Monday, July 11, 2011

Why I Am Not An Athlete

I recently picked up a book that I bought many moons ago at a closing Borders entitled The Non-Cyclist's Guide to the Century and Other Road Races by Dawn Dais. In retrospect, I should have known that it wasn't going to be a book written for me due to the presence of the word "race" in the title, but the cover had a cute ladies' bike and it was only like eight bucks, so why not. In the process of flipping through it to discover whether I was going to read it cover to cover, it brought up a lot of feelings I have regarding cycling for sport; namely, why I don't do it.

I have nothing against people treating cycling as a sport per se. And in some respects, I treat it as one too: probably around half of my riding isn't strictly necessary, i.e. not a grocery run or a doctor's appointment or meetings with friends. Sometimes I travel to a further place instead of a closer one, sometimes I go out without any destination in mind at all. And yes, cycling is great exercise: pound for pound it's not as effective as running or swimming, but in my opinion it's way more fun than either of those things. Also, I have this weird mental block surrounding exercise where I don't want to do something unless it's in some way "practical," even if this practicality is a stretch. I can't exactly run to work or to a fancy dinner party, can I? I can't swim to Target! Yet I will happily bike six miles to a distant coffee shop instead of walking less than a mile to the closest one, because that's "practical." I am probably insane.

So, anyway, problems with athletic cycling--GO! First, there is the equipment. Some of the things Dais recommends as a "probably should have" are: cycling shorts (which can easily cost over $75 for one pair), special shoes, special gloves, and a whole lot of other stuff that seems to be obscenely overpriced. And, of course, a racing bike, some of which can easily cost a grand and up. Talk about your barriers to entry! Then there are the century races themselves, which usually cost money to enter, and are often held (at least, most races here in MD... not that I'm ready for a century but I've looked for others) at places I can't bike to, which is a no-go for me due to the irrational hang-up discussed in the last paragraph.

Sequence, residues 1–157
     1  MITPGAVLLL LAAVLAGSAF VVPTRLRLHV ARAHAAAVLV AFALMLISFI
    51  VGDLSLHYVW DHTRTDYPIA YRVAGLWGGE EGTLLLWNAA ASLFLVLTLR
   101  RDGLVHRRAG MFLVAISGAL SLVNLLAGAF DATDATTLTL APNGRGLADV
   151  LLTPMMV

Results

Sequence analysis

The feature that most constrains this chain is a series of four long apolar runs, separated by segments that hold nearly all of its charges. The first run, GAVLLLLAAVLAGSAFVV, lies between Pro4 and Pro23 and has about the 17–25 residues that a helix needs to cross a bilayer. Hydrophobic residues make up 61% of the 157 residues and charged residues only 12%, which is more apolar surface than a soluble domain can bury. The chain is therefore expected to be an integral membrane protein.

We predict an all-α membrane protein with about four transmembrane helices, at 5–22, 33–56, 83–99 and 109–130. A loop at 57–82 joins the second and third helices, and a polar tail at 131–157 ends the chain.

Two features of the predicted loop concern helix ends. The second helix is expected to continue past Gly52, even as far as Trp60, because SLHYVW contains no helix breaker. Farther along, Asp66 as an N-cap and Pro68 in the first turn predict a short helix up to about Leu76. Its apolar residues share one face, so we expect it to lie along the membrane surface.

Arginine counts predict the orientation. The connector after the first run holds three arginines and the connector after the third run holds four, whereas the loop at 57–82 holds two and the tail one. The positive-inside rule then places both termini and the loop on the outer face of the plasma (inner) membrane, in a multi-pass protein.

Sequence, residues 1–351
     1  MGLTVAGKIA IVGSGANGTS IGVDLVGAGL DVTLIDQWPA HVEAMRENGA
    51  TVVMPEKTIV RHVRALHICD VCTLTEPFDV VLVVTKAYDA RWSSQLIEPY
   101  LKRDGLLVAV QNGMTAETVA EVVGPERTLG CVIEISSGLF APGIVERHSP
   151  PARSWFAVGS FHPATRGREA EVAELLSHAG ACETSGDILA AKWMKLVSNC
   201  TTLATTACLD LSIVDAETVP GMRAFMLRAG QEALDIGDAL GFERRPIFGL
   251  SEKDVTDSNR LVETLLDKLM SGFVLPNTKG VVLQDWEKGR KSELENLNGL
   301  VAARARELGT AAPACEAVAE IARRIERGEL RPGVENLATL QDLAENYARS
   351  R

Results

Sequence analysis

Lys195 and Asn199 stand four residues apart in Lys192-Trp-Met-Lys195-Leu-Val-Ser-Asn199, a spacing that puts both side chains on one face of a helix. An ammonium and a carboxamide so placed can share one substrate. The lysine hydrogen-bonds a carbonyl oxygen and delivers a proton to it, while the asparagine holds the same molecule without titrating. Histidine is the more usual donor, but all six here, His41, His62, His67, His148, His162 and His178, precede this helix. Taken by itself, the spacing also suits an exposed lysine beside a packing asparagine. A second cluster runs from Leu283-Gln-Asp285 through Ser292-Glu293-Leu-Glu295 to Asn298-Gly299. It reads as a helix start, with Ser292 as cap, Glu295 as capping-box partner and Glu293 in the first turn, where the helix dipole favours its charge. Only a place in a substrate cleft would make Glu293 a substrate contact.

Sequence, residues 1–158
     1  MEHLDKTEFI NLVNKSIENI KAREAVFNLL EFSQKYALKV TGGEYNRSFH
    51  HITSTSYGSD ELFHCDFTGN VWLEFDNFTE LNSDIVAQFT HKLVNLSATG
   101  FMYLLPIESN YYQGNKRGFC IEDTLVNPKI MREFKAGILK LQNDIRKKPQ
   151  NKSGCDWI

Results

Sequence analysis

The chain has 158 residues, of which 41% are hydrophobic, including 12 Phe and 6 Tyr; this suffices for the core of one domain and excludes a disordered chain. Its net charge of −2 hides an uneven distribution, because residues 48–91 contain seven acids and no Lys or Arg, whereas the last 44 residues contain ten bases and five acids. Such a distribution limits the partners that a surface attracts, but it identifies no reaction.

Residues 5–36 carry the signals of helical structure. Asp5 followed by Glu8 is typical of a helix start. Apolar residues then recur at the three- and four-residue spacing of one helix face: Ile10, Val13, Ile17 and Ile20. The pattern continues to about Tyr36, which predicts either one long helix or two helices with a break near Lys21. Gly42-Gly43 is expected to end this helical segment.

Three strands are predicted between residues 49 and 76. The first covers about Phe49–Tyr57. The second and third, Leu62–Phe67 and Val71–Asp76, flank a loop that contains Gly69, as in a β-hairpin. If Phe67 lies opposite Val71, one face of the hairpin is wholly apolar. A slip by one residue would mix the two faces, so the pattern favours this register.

Another beef I have is that many (again I'm generalizing based on what I've read online and seen in person) athletes are terrified of riding with traffic. Simply terrified! And while I don't want to discount someone's fears, because lord knows I have my own, this is an attitude that I don't understand, especially when the athlete is also a driver. It's the same road, the same rules, except you're going much, much faster. If anything, driving should be the terrifying activity, and that's certainly how it feels for me. But take someone out of their giant tank, and they turn into a wuss. Just like a gun owner, the "weekend warrior" feels helpless without their weapon. And as someone who is endangered (both as a pedestrian and a cyclist) by cars, it is hard not to feel perturbed by this "roads are dangerous!" nonsense. Yes, they're dangerous--because of you!

Probably my main objection to sport cycling, though, is because these athletes by and large aren't doing anything to increase the accessibility of roads for those of us who use our bikes for transportation as well as to "feel the burn." In fact, some of them lobby against riding for transportation. How many times have you been flipped off or called a jackass by someone with bikes (usually much fancier and more expensive than your own bike) strapped to the back of their SUV? When I think "athlete cyclist," I think of folks like that, folks that will drive five miles to get to a nice safe path and think transportation riders are losers. This is probably definitely not a fair assumption to make, but it's the one I make.